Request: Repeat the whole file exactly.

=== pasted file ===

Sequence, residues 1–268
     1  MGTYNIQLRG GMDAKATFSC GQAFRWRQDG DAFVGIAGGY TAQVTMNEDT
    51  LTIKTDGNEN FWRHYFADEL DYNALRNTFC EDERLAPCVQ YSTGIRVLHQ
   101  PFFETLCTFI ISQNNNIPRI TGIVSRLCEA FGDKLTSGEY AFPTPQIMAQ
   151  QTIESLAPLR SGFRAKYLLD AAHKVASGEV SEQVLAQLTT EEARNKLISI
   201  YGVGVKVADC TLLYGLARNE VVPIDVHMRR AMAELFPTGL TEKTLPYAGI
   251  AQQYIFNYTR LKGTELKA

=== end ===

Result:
Sequence, residues 1–268
     1  MGTYNIQLRG GMDAKATFSC GQAFRWRQDG DAFVGIAGGY TAQVTMNEDT
    51  LTIKTDGNEN FWRHYFADEL DYNALRNTFC EDERLAPCVQ YSTGIRVLHQ
   101  PFFETLCTFI ISQNNNIPRI TGIVSRLCEA FGDKLTSGEY AFPTPQIMAQ
   151  QTIESLAPLR SGFRAKYLLD AAHKVASGEV SEQVLAQLTT EEARNKLISI
   201  YGVGVKVADC TLLYGLARNE VVPIDVHMRR AMAELFPTGL TEKTLPYAGI
   251  AQQYIFNYTR LKGTELKA